QWe're looking to use the ADM2587 part in a product that we currently
manufacture in volumes of around 1k/qtr. We want to replace our existing
non-isolated RS485 chip with this part in an attempt to reduce the failure rate
due to bad wiring. The installers frequently connect the 24V supply to the
RS485 pins, and this destroys the chip.
My question is; "What is the maximum allowable voltages on the RS485 pins
(A,B,Y,Z), relative to each other?". The datasheet goes into detail regarding
the isolation, and mentions the 15kV ESD protection on these pins. It also
mentions test parameters of -7/+12V, but makes no mention of a maximum
In our situation, it's likely that 24V (AC or DC) will be applied between A & B
(or Y & Z), and I need to know if the ADM2587 will survive this condition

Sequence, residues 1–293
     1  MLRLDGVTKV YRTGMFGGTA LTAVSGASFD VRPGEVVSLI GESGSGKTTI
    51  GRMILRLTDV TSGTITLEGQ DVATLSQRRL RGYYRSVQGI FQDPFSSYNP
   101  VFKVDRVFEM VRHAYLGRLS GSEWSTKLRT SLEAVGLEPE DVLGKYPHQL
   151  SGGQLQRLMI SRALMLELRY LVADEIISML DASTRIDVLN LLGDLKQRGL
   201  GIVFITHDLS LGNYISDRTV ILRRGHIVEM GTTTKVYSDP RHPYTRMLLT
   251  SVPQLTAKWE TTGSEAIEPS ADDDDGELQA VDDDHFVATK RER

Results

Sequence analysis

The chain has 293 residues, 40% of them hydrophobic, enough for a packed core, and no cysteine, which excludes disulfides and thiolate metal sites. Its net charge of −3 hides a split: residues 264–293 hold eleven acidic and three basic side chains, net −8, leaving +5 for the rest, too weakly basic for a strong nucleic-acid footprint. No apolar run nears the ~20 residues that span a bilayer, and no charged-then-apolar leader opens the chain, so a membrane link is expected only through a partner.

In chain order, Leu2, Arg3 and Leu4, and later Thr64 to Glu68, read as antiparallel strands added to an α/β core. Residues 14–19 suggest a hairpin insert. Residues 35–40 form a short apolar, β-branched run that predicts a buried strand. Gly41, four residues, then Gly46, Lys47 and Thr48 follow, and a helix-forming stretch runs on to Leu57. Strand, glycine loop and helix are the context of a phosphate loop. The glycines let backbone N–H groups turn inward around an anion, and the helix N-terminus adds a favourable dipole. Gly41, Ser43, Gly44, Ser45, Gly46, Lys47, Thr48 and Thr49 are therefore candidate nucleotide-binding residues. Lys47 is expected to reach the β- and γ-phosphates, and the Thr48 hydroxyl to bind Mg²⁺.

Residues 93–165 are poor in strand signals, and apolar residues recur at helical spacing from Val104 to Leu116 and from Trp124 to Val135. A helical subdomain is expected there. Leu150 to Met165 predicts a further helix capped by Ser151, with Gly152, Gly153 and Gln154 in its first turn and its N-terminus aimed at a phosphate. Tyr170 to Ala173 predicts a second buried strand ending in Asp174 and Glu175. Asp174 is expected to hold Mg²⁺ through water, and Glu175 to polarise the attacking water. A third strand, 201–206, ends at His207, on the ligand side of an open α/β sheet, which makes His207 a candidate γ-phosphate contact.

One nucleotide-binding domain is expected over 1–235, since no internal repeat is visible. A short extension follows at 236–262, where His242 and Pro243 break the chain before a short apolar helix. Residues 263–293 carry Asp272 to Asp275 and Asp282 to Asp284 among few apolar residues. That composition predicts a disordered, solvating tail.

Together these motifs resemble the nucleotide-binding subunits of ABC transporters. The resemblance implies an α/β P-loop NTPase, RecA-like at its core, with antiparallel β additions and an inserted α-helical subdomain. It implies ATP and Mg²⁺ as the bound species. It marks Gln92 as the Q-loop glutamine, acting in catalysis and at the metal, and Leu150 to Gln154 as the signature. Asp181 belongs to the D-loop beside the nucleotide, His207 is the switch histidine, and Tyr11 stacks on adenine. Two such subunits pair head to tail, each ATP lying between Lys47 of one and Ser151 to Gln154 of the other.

reliably, and ideally, what the maximum safe voltage would be.
AThe absolute maximum continuous voltage on the ADM2587E A, B, Y, and Z pins is
−9 V to +14 V.
Outside the −9 V to +14 V limits the device may be damaged permanently.
We are currently working in this space – high voltage miswiring to bus pins,
EFT, ESD, and Surge.
We currently have a certified EMC compliant reference circuit if you also
require protection against Surge (IEC 61000-4-5), EFT (IEC 61000-4-4), and ESD
(IEC 61000-4-2) ?
The Circuit Note CN-0313 includes a reference for lightning surge protection,
and the associated technical article discusses in detail some of the
considerations that were taken into account when designing this for the
EMC-protected RS-485 page:
Circuit Note CN-0313:
Technical Article MS-2443, Safeguard your RS-485 Communication Networks from
Harmful EMC Events: